Bamako, 20 Jumadil Awwal 1434/1 April 2013 (MINA) – Timbuktu has been hit by a prolonged battle between the Malian and French armies and the opposition, a Malian military spokesman said. 

Fighters linked to al-Qaeda in the Islamic Maghreb, or AQIM, attacked the city in northern Mali late on Saturday night and have continued fighting on Sunday (31/3), said Captain Samba Coulibaly, spokesman for the Malian military in Timbuktu, according to Al Jazeera reports monitored by Mi’raj News Agency (MINA).

So far, the issue has not yet verified by AQIM, wether it’s wrong or not.

French fighter jets continue to bomb northern regions of Mali amid clashes, PressTV reported.

At least one Malian soldier and three fighters were killed in the fighting.

The media reported the attack started on Saturday night when a suicide bomber blew himself up at a Malian military checkpoint at the western entrance to Timbuktu, he said.

The French military joined the Malian army Sunday to fight the fighters, said Timbuktu residents. “People are really scared, but it is mostly due to the lack of information about what is happening in the city,” said Ousmane Halle, Timbuktu mayor.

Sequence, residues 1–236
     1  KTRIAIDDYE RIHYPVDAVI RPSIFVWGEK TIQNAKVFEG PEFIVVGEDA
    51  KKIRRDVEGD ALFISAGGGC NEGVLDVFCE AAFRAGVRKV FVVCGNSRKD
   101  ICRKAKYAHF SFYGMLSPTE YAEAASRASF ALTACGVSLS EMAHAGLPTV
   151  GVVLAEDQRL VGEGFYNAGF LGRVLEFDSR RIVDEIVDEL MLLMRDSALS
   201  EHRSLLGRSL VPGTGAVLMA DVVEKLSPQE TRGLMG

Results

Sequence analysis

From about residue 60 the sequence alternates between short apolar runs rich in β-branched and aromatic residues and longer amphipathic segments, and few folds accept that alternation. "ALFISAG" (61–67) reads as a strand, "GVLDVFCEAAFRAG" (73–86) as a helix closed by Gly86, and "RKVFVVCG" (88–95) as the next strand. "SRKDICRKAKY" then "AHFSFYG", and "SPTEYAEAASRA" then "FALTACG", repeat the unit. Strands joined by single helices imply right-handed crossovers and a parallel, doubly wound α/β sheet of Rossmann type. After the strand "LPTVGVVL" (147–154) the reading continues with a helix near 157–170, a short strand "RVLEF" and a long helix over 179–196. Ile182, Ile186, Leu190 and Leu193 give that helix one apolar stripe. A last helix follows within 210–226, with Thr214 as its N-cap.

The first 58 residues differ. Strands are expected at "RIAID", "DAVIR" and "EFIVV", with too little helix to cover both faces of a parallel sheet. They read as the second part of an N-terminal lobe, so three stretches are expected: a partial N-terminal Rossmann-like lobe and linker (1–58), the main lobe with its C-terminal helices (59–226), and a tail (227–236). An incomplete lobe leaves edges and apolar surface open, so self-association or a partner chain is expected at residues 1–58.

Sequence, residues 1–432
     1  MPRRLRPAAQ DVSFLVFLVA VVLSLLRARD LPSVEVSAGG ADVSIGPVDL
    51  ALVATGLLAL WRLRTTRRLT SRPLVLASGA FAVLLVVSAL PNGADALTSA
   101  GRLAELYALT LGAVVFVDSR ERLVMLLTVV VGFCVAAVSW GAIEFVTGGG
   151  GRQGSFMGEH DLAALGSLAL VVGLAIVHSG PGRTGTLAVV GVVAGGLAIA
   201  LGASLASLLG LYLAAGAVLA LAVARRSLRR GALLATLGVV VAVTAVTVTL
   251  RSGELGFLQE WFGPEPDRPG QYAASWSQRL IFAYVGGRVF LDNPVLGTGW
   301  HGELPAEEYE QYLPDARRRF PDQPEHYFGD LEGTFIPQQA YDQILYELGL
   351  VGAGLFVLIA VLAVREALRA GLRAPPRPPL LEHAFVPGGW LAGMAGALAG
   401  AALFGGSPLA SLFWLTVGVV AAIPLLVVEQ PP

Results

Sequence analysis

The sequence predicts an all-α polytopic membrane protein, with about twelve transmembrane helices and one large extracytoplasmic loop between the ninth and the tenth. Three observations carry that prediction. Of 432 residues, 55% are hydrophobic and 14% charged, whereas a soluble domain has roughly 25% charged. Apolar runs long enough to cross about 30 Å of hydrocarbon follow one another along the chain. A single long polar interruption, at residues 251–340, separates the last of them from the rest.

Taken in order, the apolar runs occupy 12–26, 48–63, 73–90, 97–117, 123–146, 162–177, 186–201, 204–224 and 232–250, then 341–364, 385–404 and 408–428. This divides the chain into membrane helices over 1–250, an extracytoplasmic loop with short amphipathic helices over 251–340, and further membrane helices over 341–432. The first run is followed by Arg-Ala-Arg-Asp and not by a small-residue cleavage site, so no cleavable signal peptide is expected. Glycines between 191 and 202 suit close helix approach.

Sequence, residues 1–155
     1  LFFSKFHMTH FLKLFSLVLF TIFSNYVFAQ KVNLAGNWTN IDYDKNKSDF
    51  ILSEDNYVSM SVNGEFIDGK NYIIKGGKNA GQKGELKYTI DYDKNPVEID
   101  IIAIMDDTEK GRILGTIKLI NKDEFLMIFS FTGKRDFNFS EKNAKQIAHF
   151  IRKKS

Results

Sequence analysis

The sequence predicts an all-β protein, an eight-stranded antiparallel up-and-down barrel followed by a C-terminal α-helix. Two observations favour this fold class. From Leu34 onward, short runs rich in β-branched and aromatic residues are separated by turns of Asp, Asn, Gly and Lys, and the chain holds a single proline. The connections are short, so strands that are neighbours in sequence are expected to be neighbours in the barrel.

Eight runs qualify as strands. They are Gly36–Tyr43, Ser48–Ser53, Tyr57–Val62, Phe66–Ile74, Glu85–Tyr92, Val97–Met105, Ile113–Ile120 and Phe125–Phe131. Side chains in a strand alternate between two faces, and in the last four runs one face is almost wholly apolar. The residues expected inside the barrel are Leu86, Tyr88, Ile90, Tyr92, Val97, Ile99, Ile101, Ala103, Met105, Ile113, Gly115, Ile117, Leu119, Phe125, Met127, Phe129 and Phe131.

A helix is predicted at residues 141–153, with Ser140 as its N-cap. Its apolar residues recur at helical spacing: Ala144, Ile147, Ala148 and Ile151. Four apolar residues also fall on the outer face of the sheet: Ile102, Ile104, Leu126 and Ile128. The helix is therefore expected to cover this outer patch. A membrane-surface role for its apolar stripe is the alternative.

This is the first major attack on the city of Timbuktu since it was ‘liberated’ by French forces on January 28.

Press TV reported, Mali has been the scene of a deadly battle between local fighters and the French-backed Malian army since Paris launched an offensive in its former colony in January. 

The French-led war in Mali has caused a serious humanitarian crisis and has displaced tens of thousands of people, many of whom reside in refugee camps in neighboring countries in deplorable conditions. 

The people of northern Mali say the French war and the ruling junta are blocking the flow of humanitarian assistance to the war-affected areas.

The northern Malians say the blockade of the area by French and Malian troops has undermined the activities of healthcare workers in several refugee camps. Most of the camps have dire shortages of necessities such as food and medicine.

A UN humanitarian official said on February 27 that Mali remains in dire need of humanitarian assistance.  About “200,000 children are not getting any education and haven’t for the last year,” said John Ging, director of operations for the Office for the Coordination of Humanitarian Affairs. 

France launched a war in Mali on January 11 under the pretext of halting the advance of  fighters in the country.(T/P09/P03)

Mi’raj News Agency (MINA)

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